The inevitability of future sea level rise requires action now.
I take my hat off to Hobart City for its persistent efforts to get its people engaged with that bothersome matter of climate change, specifically what it will do to low-lying coastal land.
Last time they tried a coastal community forum, for residents of highly-priced, highly-susceptible Nutgrove in lower Sandy Bay, they didn’t get the level of engagement they hoped for.
This week they’re trying again, this time with people living between Wrest Point and Battery Point, including another bit of low-lying real estate, Marieville Esplanade.
To get the ball rolling they’ve released an assessment of the precinct’s “coastal adaptation pathways” for coming decades. Residents wanting to learn more are invited to a “drop-in” at the Derwent Sailing Squadron on Marieville Esplanade from 2 pm this Thursday and Friday.
The Marieville Esplanade Coastal Adaptation Pathways (MECAP) analysis uses the government’s sea level rise planning allowances of 0.2 m higher by 2050 and 0.8 m higher by 2100. The additional impact of river flooding, storm surge and king tides isn’t included in those figures.
What do our rising seas have in store for these much-desired parts of our coastal cities? MECAP cites projections by the Bureau of Meteorology, CSIRO and international agencies, but any property owners who want certainty will be disappointed, because there isn’t any.
Evidence from ages past, however, does indicate where we’ll finish up. In the Pliocene epoch, from three to five million years ago, temperatures were about the same as today and carbon dioxide in the air peaked about where it is now – and the global ocean was at least five metres higher.
Past warm periods show that for every 1C of temperature rise, sea level is between 2.5 and 5 m higher. Warming is now on a trajectory that would take us well above 2C, so we should expect sea levels eventually to be at least 5 m higher than today and probably much more.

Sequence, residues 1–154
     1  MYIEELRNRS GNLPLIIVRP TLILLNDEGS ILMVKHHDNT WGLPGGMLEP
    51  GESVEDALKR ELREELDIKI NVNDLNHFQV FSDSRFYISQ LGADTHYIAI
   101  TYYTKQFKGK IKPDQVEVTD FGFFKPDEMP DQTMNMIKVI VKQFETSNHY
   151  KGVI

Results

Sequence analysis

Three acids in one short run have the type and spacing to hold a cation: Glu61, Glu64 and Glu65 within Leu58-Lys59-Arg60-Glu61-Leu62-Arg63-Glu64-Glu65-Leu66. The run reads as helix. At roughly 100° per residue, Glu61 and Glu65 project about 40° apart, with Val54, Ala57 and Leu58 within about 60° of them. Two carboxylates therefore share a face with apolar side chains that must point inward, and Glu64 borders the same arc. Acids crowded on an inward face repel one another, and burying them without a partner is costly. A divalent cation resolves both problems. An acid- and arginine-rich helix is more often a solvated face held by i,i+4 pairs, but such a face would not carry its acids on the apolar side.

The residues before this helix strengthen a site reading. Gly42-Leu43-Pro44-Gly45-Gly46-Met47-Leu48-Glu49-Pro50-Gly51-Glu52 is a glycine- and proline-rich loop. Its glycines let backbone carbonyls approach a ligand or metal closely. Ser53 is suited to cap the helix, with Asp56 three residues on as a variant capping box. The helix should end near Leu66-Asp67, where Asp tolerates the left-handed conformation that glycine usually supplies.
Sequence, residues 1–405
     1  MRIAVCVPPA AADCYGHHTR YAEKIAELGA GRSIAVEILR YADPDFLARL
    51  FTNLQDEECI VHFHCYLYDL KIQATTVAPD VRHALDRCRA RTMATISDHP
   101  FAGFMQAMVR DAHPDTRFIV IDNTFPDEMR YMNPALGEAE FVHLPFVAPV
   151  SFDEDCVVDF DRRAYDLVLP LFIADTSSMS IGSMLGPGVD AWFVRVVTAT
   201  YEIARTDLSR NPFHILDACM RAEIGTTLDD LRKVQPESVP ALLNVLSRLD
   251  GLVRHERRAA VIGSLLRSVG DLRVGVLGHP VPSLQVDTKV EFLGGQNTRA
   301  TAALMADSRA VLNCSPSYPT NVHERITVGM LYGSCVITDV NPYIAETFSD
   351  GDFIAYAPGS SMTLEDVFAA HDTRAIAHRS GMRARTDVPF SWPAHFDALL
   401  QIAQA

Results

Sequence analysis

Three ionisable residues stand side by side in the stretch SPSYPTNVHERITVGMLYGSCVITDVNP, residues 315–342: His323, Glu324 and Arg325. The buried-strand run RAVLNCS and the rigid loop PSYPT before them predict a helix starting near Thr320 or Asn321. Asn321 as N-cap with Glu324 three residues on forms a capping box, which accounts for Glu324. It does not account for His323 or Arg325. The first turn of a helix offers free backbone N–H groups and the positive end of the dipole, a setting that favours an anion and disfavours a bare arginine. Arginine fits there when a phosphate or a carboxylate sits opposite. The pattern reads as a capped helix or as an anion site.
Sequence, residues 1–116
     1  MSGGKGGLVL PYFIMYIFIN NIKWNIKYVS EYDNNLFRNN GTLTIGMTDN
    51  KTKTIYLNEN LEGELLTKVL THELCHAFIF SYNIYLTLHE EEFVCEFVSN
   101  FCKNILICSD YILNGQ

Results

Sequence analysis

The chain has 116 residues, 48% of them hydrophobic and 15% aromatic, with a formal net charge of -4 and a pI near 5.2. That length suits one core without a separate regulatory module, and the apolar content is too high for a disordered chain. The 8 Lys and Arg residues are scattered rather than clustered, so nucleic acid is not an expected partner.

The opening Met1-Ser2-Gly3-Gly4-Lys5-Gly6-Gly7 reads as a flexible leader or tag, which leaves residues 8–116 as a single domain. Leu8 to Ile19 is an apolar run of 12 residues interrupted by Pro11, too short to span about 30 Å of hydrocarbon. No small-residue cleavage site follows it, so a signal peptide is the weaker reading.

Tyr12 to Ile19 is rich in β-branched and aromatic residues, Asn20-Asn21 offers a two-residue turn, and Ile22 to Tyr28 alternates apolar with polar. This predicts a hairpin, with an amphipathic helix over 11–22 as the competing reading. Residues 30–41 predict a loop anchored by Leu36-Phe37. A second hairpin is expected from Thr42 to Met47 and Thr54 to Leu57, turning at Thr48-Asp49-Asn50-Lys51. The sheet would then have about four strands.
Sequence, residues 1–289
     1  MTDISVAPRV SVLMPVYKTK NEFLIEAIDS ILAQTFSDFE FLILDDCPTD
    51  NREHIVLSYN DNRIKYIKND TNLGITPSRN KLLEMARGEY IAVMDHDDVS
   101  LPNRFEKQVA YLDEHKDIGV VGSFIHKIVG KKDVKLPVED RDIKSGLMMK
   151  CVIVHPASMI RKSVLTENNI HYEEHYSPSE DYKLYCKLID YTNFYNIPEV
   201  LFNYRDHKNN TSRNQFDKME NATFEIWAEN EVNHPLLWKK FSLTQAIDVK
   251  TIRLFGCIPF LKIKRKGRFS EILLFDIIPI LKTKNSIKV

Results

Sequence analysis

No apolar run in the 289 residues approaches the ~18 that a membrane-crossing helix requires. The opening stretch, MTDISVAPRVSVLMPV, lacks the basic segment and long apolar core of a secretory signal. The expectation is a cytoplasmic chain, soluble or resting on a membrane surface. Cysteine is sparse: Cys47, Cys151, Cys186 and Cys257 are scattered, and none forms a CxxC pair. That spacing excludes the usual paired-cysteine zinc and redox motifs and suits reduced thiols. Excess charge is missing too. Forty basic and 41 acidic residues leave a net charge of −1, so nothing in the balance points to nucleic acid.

Science tells us nothing like that will happen within the lifetime of anyone alive today, but it will happen. While the annual rise in sea level today is measured in millimetres (currently about 3.2 mm), one day it will be in centimetres, and eventually we may be describing it in tens of centimetres.
After 2000 years of very stable sea levels, now they’re on the move. Scientists are bothered, but people and governments, on the whole, aren’t. Another journey back to the distant past may throw some light on this.
Daniel Gilbert, a psychology professor at Harvard University, says that over many millennia humans have evolved a powerful ability to respond and adapt to many threats, but those threats are mostly about other people and animals and current events. They don’t include a changing climate.
Our brain, says Gilbert, has evolved to deal with things that are intentional, immoral, imminent and instantaneous. We’ve learned to be sensitive to other people’s intentions, to right and wrong behaviour, and to things that are happening now and happening quickly.
Rising sea level is none of these things, but as Gilbert points out, a newly-evolved part of our brain, the prefrontal cortex, gives us the ability to conceive of past and future, enabling us to learn from past experiences and imagine how we can influence the future – as MECAP seeks to do.
To clarify the path ahead MECAP offers three options: plan and execute an early retreat, or protect what we have and disallow new development, or do the same while allowing development. The first option will cost much less than the last, but none will be cheap and all will involve some pain.
Hobart City could have taken a fourth option: do nothing at all and let people fend for themselves. But like all Tasmanian local authorities responsible for coastal lands, it knows that would be a fool’s choice.
FUTURE ENERGY pathways for Tasmania is the subject of a public discussion at IMAS (Castray Esplanade, Hobart, 5.30 pm Thursday) organised by the University of Tasmania’s Institute for the Study of Social Change and led by an expert panel including Tony Wood, energy director for Melbourne’s Grattan Institute.